$50k In Play: Giving Away 50 LightBlue Bean This Week

This week we’re awarding a LightBlue Bean board to 50 projects entered in The Hackaday Prize.

We love this little board so much we put it in our store. It brings a microcontroller that has plenty of room and peripherals (and is quite well-known… the ATmega328) with the connectivity of Bluetooth Low Energy. If you’re planning on building something that needs processing power and connectivity with smartphones this is a good place to start. And this week you might just score one as part of the 2015 Hackaday Prize.

We’ll be looking for entries that are getting ready for the physical build and need connectivity. The best way to let us know your project should be one of the fifty winners is to post a new project log with your construction plans and how the Bean (or BTLE) would fit into that plan. Submit your build by next Wednesday (5/6) and you’re in the running!

We’re giving away $50,000 in prizes, 1/10 of the total Hackaday Prize pool during the build phase going on right now.

Last Week’s 30 Winners

OSHpark-coupon-prize

Last week we were looking for great entries in need of circuit boards and boy, did we find a lot of them. Judging is super hard. We looked at all the entries and ended up with these 30 winners. Each will receive $50 to use for custom PCB manufacturing from OSH Park. We expect to see a lot more purple boards popping up on entry pages in the coming weeks! Congratulations to all winners. Each project creator will find prize info as a message on Hackaday.io.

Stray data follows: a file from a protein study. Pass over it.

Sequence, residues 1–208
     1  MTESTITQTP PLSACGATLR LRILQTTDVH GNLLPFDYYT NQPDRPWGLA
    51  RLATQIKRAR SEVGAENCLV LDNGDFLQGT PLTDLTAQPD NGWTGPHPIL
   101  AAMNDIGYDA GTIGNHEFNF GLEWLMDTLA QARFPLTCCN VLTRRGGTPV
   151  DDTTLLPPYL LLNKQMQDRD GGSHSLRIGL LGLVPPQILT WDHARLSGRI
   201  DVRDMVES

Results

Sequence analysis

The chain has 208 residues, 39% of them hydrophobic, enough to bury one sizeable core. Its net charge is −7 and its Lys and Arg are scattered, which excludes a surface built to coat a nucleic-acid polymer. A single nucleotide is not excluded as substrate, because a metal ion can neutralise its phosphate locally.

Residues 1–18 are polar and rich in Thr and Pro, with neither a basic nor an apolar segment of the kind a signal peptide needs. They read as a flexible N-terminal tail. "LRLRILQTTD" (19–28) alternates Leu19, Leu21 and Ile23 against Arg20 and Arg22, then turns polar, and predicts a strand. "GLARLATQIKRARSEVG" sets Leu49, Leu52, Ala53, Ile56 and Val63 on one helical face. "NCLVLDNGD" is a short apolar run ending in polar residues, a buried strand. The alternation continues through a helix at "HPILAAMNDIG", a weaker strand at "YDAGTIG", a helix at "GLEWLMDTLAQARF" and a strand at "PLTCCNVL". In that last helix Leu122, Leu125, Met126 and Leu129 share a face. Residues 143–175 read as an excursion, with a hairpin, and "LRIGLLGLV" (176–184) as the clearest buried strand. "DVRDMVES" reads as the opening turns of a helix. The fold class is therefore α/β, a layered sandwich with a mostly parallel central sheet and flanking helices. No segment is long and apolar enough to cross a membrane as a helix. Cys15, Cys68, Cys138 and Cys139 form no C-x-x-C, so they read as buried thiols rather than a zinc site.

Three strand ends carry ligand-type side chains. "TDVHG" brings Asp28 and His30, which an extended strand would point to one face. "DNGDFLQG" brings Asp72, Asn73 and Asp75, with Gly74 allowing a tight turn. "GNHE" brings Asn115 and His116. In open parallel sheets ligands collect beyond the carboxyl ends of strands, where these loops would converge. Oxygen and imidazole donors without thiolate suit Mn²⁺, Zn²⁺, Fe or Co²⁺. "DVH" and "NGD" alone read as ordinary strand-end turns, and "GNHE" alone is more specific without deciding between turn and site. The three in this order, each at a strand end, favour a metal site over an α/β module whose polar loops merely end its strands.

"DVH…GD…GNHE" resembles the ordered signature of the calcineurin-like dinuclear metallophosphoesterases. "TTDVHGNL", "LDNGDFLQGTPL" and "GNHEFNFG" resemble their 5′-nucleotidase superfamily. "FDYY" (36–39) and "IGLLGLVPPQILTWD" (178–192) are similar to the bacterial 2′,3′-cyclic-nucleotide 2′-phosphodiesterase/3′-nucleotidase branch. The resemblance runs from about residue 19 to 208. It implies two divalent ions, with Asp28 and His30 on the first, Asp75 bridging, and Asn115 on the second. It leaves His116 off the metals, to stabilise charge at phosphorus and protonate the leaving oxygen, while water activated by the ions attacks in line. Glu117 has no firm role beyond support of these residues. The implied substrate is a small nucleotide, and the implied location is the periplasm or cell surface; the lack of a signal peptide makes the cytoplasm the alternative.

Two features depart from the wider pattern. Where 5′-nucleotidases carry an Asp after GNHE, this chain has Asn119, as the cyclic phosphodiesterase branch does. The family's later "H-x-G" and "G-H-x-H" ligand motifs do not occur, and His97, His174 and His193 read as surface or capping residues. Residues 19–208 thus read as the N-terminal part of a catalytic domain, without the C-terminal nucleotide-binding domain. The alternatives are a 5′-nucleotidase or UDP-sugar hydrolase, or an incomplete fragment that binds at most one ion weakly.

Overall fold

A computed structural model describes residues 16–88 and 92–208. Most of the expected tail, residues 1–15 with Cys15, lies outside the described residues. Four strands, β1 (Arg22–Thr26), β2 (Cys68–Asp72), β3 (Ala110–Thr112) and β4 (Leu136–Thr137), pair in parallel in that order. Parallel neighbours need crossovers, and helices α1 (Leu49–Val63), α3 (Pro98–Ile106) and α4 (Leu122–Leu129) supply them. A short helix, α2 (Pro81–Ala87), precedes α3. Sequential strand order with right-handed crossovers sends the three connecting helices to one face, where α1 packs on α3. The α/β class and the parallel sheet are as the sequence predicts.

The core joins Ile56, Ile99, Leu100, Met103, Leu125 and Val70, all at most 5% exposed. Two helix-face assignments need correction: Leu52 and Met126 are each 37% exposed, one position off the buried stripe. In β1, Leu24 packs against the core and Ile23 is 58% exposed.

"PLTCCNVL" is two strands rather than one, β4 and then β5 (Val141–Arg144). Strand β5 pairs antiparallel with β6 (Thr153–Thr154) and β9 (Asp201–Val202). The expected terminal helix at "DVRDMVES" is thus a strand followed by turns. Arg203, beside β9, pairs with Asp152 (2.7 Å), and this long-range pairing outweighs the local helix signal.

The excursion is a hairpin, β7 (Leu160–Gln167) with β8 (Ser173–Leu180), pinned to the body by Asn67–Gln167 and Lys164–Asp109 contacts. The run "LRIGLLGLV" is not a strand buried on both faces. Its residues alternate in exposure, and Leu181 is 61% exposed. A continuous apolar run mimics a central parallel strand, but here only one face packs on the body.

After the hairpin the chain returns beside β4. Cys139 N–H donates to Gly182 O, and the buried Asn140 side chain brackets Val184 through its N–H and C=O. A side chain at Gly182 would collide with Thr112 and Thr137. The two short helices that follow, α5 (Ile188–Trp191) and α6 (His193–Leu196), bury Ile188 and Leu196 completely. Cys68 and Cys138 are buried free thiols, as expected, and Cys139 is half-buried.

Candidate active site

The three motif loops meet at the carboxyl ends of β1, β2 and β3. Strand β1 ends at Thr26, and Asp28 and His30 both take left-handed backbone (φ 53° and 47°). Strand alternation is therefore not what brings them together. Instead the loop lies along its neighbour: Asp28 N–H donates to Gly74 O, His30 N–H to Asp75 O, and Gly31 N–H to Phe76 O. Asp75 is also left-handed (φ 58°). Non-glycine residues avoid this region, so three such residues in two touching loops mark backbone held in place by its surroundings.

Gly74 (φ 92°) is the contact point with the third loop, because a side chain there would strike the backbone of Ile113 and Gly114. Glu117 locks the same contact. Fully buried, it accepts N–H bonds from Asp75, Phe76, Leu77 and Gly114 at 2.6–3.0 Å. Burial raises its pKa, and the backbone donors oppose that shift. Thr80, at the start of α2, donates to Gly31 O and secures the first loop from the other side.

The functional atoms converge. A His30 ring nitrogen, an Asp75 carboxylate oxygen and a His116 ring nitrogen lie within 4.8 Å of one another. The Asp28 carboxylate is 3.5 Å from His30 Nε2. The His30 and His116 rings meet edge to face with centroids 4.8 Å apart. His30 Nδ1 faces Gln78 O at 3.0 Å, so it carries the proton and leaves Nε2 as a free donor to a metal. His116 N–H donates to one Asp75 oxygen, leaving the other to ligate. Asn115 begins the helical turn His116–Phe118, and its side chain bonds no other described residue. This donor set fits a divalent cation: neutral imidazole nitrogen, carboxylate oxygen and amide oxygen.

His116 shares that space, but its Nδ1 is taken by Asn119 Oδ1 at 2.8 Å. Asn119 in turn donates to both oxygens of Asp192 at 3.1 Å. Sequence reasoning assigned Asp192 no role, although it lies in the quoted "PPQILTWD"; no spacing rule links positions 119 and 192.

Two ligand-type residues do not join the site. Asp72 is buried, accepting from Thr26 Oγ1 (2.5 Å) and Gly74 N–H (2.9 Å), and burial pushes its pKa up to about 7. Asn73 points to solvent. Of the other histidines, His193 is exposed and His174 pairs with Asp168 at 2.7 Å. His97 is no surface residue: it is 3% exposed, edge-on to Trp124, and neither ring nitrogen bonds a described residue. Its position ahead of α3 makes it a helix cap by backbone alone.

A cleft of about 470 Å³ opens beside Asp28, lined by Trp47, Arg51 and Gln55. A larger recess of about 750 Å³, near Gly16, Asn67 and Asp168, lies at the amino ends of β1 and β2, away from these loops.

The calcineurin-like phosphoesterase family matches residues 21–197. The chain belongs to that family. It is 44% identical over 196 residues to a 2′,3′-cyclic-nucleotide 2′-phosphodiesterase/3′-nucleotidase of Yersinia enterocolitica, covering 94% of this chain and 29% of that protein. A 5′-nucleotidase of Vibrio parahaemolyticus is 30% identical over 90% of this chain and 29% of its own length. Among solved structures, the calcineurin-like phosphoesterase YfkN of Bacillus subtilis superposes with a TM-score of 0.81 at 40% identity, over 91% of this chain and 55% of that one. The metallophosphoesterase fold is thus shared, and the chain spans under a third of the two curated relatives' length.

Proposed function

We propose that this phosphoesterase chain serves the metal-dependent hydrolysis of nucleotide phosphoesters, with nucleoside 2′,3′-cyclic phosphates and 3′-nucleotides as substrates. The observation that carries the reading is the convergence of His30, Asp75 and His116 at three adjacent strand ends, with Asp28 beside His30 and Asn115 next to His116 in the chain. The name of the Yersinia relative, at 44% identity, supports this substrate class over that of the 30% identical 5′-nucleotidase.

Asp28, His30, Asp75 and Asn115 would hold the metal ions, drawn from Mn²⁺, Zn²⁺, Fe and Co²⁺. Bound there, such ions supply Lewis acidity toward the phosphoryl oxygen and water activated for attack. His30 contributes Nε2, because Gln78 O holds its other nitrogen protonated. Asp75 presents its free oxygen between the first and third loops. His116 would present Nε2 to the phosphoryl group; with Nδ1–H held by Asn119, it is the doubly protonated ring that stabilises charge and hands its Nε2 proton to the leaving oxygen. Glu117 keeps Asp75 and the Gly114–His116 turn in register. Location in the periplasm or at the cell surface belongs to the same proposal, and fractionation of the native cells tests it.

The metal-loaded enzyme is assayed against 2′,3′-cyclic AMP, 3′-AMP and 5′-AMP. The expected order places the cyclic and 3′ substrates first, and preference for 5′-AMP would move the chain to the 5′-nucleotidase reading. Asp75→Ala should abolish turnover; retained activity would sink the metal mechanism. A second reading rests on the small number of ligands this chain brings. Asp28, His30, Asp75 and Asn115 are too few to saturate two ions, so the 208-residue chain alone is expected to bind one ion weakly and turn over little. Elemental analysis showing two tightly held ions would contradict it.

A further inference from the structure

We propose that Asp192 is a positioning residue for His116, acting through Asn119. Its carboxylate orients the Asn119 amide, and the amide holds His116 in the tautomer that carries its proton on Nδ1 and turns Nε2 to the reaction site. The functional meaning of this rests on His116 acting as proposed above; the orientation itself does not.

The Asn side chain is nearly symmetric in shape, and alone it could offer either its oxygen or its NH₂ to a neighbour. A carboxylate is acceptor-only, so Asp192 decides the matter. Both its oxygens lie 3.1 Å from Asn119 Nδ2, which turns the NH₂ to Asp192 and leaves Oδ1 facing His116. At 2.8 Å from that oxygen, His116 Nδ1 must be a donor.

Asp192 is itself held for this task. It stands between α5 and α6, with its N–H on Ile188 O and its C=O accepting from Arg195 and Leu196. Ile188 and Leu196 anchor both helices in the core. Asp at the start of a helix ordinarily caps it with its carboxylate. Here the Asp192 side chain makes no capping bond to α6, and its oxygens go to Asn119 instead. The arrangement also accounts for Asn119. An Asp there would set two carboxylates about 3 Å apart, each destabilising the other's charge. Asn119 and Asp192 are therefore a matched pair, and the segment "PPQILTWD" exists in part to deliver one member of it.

The 2015 Hackaday Prize is sponsored by:

9 thoughts on “$50k In Play: Giving Away 50 LightBlue Bean This Week

    1. A while back, I donated for a disaster relieve at work, the company matched our donations and the government also matched (from my other pocket) the amount. It was also a tax write off.

      Sometime donating at the right place gets your money a multiplier… My government is also doing a match for private donations this time.

  1. Sadly the Beans still don’t have Linux support after so long time. Nor do they publish enough specifications for people to (easily) make their own, so it has this proprietary side there in an otherwise open platform. I imagine sniffing the BLE traffic shouldn’t be too troublesome, but why bother when there are other affordable BLE-with-Arduino-solutions available (ie. CC2540-based modules)..
    I have one of those Beans in my drawer waiting for better times to arrive :).

Leave a Reply

This site uses Akismet to reduce spam. Learn how your comment data is processed.